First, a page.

What time is it?

If my research is correct, the idea came from a Canadian. He was born in Scotland, but he emigrated to Canada. Sir Stanford Fleming proposed a worldwide system of time zones in 1879. He advocated his system at several international conferences. He is credited to the instillation of the internal effort that led to the adoption of the present time meridians. It was that concept that led to the adoption of standardized time zones. Standardized time was needed in order for railroads to offer a uniform time schedule. Since trains traveled large distances in relatively short times, a system was needed for passengers and shippers to know when the train would arrive and depart. So, on November 18, 1883 the system was put into place. Prior to that the time of day used observation of the sun. Noon was the time when the sun reached its highest point in the sky and each locale had its own official clock, usually set in a church steeple, a government building or a jeweler’s shop.

The idea of universal time took a while to catch on. Not everyone liked the idea. Some believed that the imposition of standardized time was an expression of government over-reach. The idea that it should be the same time here as it is in another place was seen as a denial of the reality that the sun rises and sets at different times in different places. Some communities in Europe and the United States began to have two clocks - one to display the local time and another to show universal time.

It may seem like this argument was something that took place a long time ago, but the timing of the creation of universal time coincides with the founding of the church I serve. Our church is just slightly - less than a year - older than the concept of universal time. It might even have been a hot topic of discussion among the founders of the congregation.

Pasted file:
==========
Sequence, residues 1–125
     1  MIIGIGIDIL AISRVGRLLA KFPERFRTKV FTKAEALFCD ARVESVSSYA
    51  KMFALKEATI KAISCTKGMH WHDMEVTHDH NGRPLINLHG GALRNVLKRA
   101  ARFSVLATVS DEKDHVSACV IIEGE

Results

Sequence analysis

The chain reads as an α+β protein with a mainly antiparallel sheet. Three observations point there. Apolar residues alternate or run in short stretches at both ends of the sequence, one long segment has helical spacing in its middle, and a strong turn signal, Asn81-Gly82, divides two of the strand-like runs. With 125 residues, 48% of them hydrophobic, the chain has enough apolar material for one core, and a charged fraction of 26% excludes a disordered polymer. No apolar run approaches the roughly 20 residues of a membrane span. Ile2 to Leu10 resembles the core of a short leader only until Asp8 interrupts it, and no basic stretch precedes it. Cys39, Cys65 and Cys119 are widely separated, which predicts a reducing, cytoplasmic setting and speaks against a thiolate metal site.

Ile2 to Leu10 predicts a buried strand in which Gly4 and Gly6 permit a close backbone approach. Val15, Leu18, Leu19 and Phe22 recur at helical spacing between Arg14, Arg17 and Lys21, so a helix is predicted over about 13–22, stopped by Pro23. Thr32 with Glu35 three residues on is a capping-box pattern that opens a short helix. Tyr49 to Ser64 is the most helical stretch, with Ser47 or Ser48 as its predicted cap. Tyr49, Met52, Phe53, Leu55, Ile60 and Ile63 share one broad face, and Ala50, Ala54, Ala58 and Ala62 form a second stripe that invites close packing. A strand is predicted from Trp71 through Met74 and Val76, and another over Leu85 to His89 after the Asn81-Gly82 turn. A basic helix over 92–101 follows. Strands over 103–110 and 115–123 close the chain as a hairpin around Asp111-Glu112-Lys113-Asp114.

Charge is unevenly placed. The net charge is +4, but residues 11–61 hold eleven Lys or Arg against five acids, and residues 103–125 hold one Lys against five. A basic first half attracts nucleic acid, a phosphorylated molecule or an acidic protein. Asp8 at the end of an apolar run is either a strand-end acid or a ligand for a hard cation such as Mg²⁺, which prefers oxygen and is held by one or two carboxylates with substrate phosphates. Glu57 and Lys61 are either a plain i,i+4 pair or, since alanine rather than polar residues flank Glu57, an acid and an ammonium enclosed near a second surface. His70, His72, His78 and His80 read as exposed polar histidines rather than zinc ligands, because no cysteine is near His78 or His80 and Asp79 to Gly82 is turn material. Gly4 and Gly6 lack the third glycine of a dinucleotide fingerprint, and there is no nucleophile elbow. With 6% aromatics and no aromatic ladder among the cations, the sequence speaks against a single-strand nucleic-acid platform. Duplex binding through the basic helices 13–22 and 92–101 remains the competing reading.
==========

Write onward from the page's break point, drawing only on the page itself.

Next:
I raise the point because this morning’s switch to Daylight Savings Time was a hot topic of conversation among members of our church choir this week. Several members expressed a dislike of the change in time and proposed that we pick one or the other time and stick with it instead of adjusting twice each year.

Of course Daylight Savings Time is a different matter than standardized time. But that idea also started in Canada. Germany and Austria were the first whole countries to go to Daylight Savings Time in 1916, the idea was first implemented in Port Arthur, Ontario - which today is known as Thunder Bay. The residents turned their clocks ahead forward by 1 hour on July 1, 1908. Other locations in Canada followed. Regina in Saskatchewan implemented Daylight Savings Time on April 23, 2924. Brandon, Manitoba did so on April 24, 1916. Regina Manitoba was the first place to establish Daylight Savings Time by municipal law.

Those Canadians!